Use of medical patient portals - an online way to manage your health - has grown by 61 per cent in New Zealand over the last six months, increasingly being driven by patients.
Latest Ministry of Health figures show that at the end of June, 173,000 people were registered on portals across 335 medical centres - around a third of the practices in New Zealand. This was up from the 107,034 registrations at 277 practices as recently as last December.
Through portals, patients can book appointments, review blood tests, order repeat prescriptions, ask a simple question of a doctor, review their medicines list and personal immunisation and medical histories. They can more effectively manage their own health and well-being and overcome frustrations like chasing up the results of a blood test; they can put a question to their doctor without having to go to an appointment.
Being able do these things in your own time from the comfort of your own home or at work - even outside local medical centre opening hours - is one of the reasons for the surge in the use of portals.
The growth mirrors that in more mature markets overseas. In the US, one report anticipates compound annual growth of patient portals by 18 per cent by 2020; a study still under way by the University of Texas is showing early indications of a 20 per cent drop in hospital admissions and re-admissions from congestive heart failure by patients using portals, according to Health Data Management last month.
In New Zealand, one of the most successful operators of a portal is the Medplus Family Medical Centre in Takapuna, Auckland. In two years the number of Medplus patients registered on the portal has grown from virtually none to just under 60 per cent of those eligible - or 5,182 patients.
Co-owner of the practice, Dr Heidi MacRae, says their entire team, from doctors to receptionists, are involved and pro-active: "We constantly remind patients they can access their test results within a couple of days without phoning or coming in and, if they do phone, we will tell them they are available online.
"Patients absolutely love the portal because it empowers them. If they are coming in for an appointment they are able to review their test results before they get here so that they can have a better informed discussion with the doctor.
"It is also very convenient for a patient to be able to book an appointment for themselves."
Her centre recently conducted a survey of registered patients; 86 per cent of respondents said they found the portal useful or very useful and 87 per cent said it was easy to use. Most people use the portal to review laboratory test results (89 per cent of respondents) and to book appointments (62 per cent).
Use of the Medplus portal is free, although there are charges for repeat prescriptions for example - but at $5 it is cheaper to order online than to phone in for one, because of the staff time saved.
Dr MacRae says in certain situations doctors can consult with patients online: "We can do this if they have a simple question but, if not, we recommend they come in and see us. At the end of the day nothing will ever replace face-to-face consultations."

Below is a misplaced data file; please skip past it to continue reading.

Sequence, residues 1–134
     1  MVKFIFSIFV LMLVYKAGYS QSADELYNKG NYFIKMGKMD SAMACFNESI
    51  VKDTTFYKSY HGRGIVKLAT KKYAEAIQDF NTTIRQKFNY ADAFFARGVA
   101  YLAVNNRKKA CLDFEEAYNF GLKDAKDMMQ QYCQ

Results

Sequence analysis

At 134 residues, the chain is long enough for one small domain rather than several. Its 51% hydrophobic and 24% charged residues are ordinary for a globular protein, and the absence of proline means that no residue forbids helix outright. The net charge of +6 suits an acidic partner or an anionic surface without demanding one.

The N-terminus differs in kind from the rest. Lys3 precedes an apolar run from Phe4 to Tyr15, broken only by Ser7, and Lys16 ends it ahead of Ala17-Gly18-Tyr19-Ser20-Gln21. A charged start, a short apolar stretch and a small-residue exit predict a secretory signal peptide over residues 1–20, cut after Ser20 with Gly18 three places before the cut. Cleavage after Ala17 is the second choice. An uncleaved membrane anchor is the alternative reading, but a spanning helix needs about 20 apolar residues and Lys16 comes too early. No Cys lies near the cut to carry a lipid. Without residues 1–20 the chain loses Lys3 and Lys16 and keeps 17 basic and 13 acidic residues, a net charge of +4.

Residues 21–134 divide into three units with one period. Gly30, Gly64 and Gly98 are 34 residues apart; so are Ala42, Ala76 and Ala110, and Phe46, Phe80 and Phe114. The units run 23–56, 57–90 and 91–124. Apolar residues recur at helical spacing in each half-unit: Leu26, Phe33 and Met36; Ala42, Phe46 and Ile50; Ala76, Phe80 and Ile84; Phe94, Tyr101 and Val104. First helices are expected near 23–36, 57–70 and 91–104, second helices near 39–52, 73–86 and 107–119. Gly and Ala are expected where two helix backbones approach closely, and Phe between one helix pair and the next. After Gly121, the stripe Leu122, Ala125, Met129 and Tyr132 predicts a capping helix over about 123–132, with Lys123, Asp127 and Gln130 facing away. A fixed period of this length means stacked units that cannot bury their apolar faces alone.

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The experience at Medplus is echoed by another New Zealand GP, Dr Greg White, who runs a sole charge practice in Central Otago. Around 20 per cent of his 1500 patients are registered on his portal which is provided free.
"We promote the portal as much as possible," he says. "We had an email campaign and include information about it in our newsletter. When someone rings up to request something, we remind them they can use the portal."
Dr White is one of a growing number of GPs making the notes he writes during a consultation available through the portal for patients to read.
"I think it is very helpful to patients to be able to read my diagnosis and see my train of thought. People don't usually retain everything you tell them. By opening up their notes patients can log in the next day, remind themselves of the discussion and see what they have to do next.
He can't understand why some GPs are reluctant to open up patient notes: "Patients are entitled to ask for their notes anyway. You always have to be aware that what you write could be read by the patient. I think GPs who have qualms about opening up patient notes may be worried they will be inundated with queries, or judged on what they have done or written."
Dr White says he has had a couple of patients ring to clarify his notes but there have been no issues.
Dr Sadhana Maraj, eHealth Clinical Lead, Health IT Engagement at the Ministry of Health, says all test results must be approved by doctors before they are uploaded. If a doctor has bad news for a patient, he or she will go through normal procedures and arrange a personal consultation.
Public demand for portals is growing and "the more demand there is, the more doctors will respond to this need."
Some practices have set up an iPad at reception so patients can register for the portal there and then. Portals are so convenient to use and make managing your health easier, so why not sign up for one now? To find out if your general practice is offering a patient portal, go to www.patientportals.co.nz and check on the map of New Zealand.